Originally from Michigan but educated in the south by the Savannah College of Art and Design, Jacob Ethington is a playwright and screenwriter who's always willing to relocate if necessary. Excerpts of his work are available to read on this site along with blog posts about media that he loves.

"You Were Never Really Here" (2018) Review

"You Were Never Really Here" (2018) Review

What happens when a film decides to lock you into the pain and perspective of one character for a full ninety-minutes?

That's the first question you'll want to roll around in your head before watching You Were Never Really Here, a film that definitely falls more into the realm of experimental filmmaking than traditional filmmaking. The borderline experimental approach is something that's impossible to dodge when talking about You Were Never Really Here, a film that eschews several "rules" of the genre its decided to set up shop inside of.

This review is a first for me. I've put up reviews for movies where I'd seen the piece in question multiple times, but those films were never actively in theaters at the time of writing but were retrospective pieces. For this review, I opted to watch You Were Never Really Here twice in the span of a few days. I literally couldn't come to a conclusion on how I felt about the film. That was ignoring an obvious fact that I somehow didn't appreciate the magnitude of until about halfway through my second viewing, but I'm getting ahead of myself.

This film literally set me on a journey that I've never felt super compelled to complete. It's not that I don't re-watch movies to re-evaluate them, but that I literally didn't understand my own feelings about You Were Never Really Here, if I liked it, if I hated it, and so on. The only thing I was sure of was that it was an arthouse approach to a well-worn story and that I was going to need more time and thought to pick it apart accordingly.

The first thing I want to get out of the way with You Were Never Really Here is that it's one of the most technically accomplished films I've watched in a long time. For a film that is painfully confined to reality and only creates subjective moments through editing, it is gorgeously shot. It's the kind of cinematography that doesn't seem as impressive because of its confined scale, but it's stunning how well camera moves are planned out, how well lighting is placed, and how beautifully balanced each shot is.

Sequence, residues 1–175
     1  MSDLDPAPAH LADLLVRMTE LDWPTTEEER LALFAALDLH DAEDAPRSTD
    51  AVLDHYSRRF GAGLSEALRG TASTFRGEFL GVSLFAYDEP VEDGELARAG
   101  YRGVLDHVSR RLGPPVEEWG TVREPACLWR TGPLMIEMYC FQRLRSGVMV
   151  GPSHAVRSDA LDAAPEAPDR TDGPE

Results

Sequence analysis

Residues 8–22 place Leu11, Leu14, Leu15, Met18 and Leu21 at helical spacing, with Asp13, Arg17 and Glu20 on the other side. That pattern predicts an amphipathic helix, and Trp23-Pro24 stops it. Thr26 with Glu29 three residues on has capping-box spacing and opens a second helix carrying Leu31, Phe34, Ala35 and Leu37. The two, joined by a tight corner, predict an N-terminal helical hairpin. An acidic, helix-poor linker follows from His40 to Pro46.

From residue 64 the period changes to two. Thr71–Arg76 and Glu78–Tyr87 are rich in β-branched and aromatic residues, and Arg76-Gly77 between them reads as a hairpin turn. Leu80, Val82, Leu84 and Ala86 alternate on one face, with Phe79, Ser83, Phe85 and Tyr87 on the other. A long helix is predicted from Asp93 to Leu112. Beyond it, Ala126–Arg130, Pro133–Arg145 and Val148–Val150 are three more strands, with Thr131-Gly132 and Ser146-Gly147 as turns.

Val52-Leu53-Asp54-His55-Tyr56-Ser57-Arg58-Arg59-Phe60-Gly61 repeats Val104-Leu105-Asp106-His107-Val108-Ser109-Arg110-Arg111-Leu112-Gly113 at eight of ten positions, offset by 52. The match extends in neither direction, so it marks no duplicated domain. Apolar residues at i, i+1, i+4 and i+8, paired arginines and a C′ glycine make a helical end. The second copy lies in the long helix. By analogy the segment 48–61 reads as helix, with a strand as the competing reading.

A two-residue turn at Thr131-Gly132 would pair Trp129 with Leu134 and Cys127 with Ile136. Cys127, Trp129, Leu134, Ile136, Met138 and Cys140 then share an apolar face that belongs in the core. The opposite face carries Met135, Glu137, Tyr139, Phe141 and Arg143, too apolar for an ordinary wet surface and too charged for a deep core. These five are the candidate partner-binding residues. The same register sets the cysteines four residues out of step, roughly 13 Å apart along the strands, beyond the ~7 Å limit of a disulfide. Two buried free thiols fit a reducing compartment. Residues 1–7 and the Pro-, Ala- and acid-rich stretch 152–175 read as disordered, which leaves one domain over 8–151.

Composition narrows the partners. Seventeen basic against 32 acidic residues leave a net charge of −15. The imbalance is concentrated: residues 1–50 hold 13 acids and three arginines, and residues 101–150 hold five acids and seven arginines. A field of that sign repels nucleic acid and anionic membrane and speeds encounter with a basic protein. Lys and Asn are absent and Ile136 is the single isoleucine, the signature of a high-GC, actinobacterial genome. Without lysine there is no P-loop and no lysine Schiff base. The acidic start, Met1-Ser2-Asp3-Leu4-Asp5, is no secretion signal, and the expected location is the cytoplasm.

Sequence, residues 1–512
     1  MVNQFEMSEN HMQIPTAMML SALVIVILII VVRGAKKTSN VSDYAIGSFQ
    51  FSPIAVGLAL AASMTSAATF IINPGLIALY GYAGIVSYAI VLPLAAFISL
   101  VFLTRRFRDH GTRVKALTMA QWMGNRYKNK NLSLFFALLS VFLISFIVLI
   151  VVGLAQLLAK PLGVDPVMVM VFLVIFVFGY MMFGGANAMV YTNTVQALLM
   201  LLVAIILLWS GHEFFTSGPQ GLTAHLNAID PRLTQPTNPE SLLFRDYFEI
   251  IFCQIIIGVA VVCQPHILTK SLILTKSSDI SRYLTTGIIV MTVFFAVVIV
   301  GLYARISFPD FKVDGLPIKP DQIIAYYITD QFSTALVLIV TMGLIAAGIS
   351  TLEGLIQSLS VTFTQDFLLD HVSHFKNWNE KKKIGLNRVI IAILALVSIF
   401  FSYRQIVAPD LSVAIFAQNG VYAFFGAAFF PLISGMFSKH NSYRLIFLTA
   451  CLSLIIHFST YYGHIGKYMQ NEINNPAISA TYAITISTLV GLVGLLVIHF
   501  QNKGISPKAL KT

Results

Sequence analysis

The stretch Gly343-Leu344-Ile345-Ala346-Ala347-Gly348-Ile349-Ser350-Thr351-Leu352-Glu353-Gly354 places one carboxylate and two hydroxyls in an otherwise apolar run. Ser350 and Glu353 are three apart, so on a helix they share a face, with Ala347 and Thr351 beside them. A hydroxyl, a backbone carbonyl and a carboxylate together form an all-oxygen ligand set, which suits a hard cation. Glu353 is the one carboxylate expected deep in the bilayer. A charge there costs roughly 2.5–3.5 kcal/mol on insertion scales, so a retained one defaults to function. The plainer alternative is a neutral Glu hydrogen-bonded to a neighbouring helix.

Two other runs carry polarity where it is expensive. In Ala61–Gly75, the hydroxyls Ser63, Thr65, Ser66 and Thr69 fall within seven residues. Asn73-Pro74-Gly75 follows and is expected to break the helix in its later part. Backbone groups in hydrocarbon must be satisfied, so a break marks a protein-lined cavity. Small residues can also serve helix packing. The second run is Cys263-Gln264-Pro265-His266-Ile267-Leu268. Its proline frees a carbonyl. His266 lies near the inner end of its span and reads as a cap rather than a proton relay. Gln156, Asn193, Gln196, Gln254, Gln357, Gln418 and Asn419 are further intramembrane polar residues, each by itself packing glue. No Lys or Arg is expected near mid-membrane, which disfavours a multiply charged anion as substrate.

The sound design is also remarkable, which seems to elevate the sounds of traffic, footsteps, and other ambient sound to disturbing volumes. It's a realistic approach to sound design that slides stylistic choices inside of itself with skin-crawling results. Traffic sounds less like vehicles and more like monsters prowling through a literal concrete jungle. Our lead characters' footsteps are a constant reminder of how he's a heavy walking pile of flesh and bone. Just as important to the sound design is the original music score composed by Jonny Greenwood (yes, Jonny Greenwood of Radiohead) which is incredible. A weird mixture of synth, guitar, dissonant piano, strings, and more, it's a cacophony of madness that compliments the film well.

The story of the film is fairly simple, but how the film presents it is where it becomes such an odd piece of work. The main character, Joe (Joaquin Phoenix), is an ex-military man who now rescues girls from human trafficking. He does it completely off the books (though some flashbacks suggest he may have done it officially at one point) and brutally murders captors with a hammer. His most recent assignment involves rescuing a senator's daughter, Nina (Ekaternina Samsonov), and when it goes south out of seemingly nowhere, Joe sets out to finish what might end up being his final job.

It's not going to be his final job because of how dangerous it is, but because Joe is a husk of who he was, deeply damaged by trauma. He is teetering on the brink of suicide throughout the entire movie, almost literally from frame one. The only thing that seems to keep him tethered to the Earth is taking care of his mother (Judith Roberts) and his job.

Joaquin Phoenix looks like the dictionary definition of the word "brute" in this film. His body is lumpy tissue with frightening muscle underneath, all adorned in scars. He is barely recognizable in this film, and his performance feels alarmingly real. It's a restrained performance, but that's more or less the style of the entire movie. Each actor feels reined in, and it works for the most part.